Catholic cardinals begin talks on Monday ahead of a conclave to elect the next pope, following Benedict XVI’s historic resignation, as a British cardinal not in attendance admitted to sexual misconduct with priests.
The dome of St. Peter’s Basilica at the Vatican, March 2, 2013. Catholic cardinals begin talks on Monday ahead of a conclave to elect the next pope, following Benedict XVI’s historic resignation, as a British cardinal not in attendance admitted to sexual misconduct with priests.
Scotland’s Keith O’Brien recused himself last month after allegations dating back to the 1980s surfaced.
“My sexual conduct has fallen below the standards expected of me as a priest, archbishop and cardinal,” he said Sunday, days after resigning his post and retiring.
A string of new scandals and allegations have emerged since Benedict became only the second pope in the Church’s 2,000-year history to step down of his own free will.
The Vatican meetings starting on Monday, known as “general congregations”, set the date for the start of the conclave and help identify candidates to be leader of the world’s 1.2 bilion Catholics.
The Vatican is now expecting 115 “cardinal electors” — cardinals aged under 80 — to attend the conclave after O’Brien opted out and an Indonesian cardinal said he was too sick to attend.
The field for next pope remains wide open, with possible candidates from every corner of the world and from both progressive and traditionalist wings of the Church.
The pre-conclave meetings, which are expected to last for most of the week, are also a way to identify what the priorities for the next pope should be.
Benedict’s eight-year pontificate was often overshadowed by Vatican intrigue and scandals in Europe and North America over sexual abuse by paedophile priests going back decades and the cover-up of those crimes by senior prelates.
Church leaders are also concerned about issues like priestly celibacy, treatment of gays, attitudes towards divorcees, the Catholic stance on contraception as well as inter-religious dialogue, particularly with Islam.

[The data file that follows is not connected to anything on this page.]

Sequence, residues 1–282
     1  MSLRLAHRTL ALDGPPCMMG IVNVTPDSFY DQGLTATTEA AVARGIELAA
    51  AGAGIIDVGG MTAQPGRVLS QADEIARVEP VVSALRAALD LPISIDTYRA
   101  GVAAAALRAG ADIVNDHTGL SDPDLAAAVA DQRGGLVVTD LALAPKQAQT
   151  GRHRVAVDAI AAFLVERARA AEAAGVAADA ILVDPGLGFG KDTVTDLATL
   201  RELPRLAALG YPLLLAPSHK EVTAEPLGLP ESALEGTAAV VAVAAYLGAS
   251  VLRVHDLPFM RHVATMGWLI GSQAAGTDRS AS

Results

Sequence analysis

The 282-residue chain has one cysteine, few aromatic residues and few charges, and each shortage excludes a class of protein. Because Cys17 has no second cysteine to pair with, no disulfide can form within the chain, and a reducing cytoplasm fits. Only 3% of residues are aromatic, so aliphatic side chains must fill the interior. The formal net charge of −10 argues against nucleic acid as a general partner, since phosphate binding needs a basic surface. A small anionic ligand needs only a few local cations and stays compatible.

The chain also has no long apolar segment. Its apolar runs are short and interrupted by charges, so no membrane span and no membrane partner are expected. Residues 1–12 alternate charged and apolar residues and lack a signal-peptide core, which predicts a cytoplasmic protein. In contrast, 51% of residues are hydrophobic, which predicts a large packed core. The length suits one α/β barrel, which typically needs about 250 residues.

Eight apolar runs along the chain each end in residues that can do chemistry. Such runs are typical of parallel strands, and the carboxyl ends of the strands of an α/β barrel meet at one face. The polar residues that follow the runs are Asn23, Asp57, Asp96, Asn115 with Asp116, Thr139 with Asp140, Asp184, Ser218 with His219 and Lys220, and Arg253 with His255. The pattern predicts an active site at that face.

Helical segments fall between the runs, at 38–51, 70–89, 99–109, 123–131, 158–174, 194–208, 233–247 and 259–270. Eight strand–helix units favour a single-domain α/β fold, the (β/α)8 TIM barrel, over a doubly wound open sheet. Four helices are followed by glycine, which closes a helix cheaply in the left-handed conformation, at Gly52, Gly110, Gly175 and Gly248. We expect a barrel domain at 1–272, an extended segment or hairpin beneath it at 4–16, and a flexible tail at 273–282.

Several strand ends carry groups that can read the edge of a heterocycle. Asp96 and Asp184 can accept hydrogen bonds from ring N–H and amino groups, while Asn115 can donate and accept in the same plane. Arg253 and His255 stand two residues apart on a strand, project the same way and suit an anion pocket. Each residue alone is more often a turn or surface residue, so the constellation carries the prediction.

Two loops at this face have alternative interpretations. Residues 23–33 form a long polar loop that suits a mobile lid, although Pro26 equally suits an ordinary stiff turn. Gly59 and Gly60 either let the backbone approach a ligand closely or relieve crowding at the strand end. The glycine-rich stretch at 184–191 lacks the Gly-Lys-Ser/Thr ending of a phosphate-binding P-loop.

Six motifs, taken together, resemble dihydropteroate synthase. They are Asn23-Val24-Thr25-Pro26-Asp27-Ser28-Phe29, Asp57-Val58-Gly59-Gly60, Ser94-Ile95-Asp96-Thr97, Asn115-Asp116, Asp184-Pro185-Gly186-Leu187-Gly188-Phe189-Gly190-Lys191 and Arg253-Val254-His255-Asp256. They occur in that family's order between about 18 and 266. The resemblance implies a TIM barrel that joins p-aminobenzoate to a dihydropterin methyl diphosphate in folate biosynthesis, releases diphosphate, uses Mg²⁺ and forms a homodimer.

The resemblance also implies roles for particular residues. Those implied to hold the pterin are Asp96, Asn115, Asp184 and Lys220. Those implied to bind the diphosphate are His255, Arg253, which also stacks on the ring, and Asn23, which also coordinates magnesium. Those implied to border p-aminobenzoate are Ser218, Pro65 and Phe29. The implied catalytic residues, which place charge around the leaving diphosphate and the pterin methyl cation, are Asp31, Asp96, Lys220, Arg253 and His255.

Benedict’s effort to revive faith amid rising secularism is also crucial.
“We will confront the most important issues: evangelization and the new evangelization of lands with a Christian tradition,” Colombian cardinal Ruben Salazar Gomez told Italian daily Corriere della Sera on the eve of the meeting.
Honduran cardinal Oscar Andres Rodriguez Maradiaga said there would be no avoiding the issue of “Vatileaks” — a series of leaks of confidential documents last year that revealed intrigue in the government of the Church.
“We have to be informed about things that, because of the distance, we have little information about,” Maradiaga told Italian public channel Rai Due.
No date has yet been set for the election of the Church’s 266th pope, although Italian media have mentioned next Monday, March 11 as a possibility.
The dean of the college of cardinals, Angelo Sodano, has stressed that the start date will not be set until all the “cardinal electors” are in Rome.
The closed-door “general congregations” will also make preparations for the vote itself by, for example, ordering a special stove to be set up in the Sistine Chapel to burn ballots after each of the two daily rounds of voting.
If the smoke from the ballots is black — a special chemical component is added — that indicates no candidate has won the two-thirds majority required.
If the smoke is white, it means a new pontiff has been elected.
The profile of an ideal candidate for pope is beginning to come into focus as cardinals have their say — many would prefer a relatively youthful, pastoral figure who can help foster spiritual renewal, particularly among young people.
“When John Paul II died in 2005, everyone had been thinking about a successor for months and the conclave was short,” a retired cardinal told AFP.
“This time the unprecedented move of a pope resigning has upset all the calculations,” he said, adding that he believed a “bold decision” like the unexpected election of Polish Karol Wojtyla in 1978 is a distinct possibility.
Among the leading candidates this time around are Italian cardinal Angelo Scola, a big promoter of inter-religius dialogue, and Austria’s Christoph Schoenborn, a former student of Benedict’s with strong progressive ideas.
US cardinal Sean O’Malley, who cracked down on the problem of sexual abuse in the Boston archdiocese where the scandals began to emerge, and Timothy Dolan, the gregarious archbishop of New York, are also seen as possibilities.
Canadian Quebecois cardinal Marc Ouellet, a conservative with ties to Latin America, is also highly rated.
For Latin America — home to most of the world’s Catholics — Brazilian cardinal and Sao Paulo archbishop Odilo Scherer is seen as a favourite.
In Africa, Ghana’s Peter Turkson, Guinea’s Robert Sarah and South Africa’s Wilfrid Napier, the archbishop of Duran, are also seen as possibilities.
For Asia, the most frequently mentioned candidate is Manila archbishop Luis Antonio Tagle, a 55-year-old theologian and pastor who is hugely popular.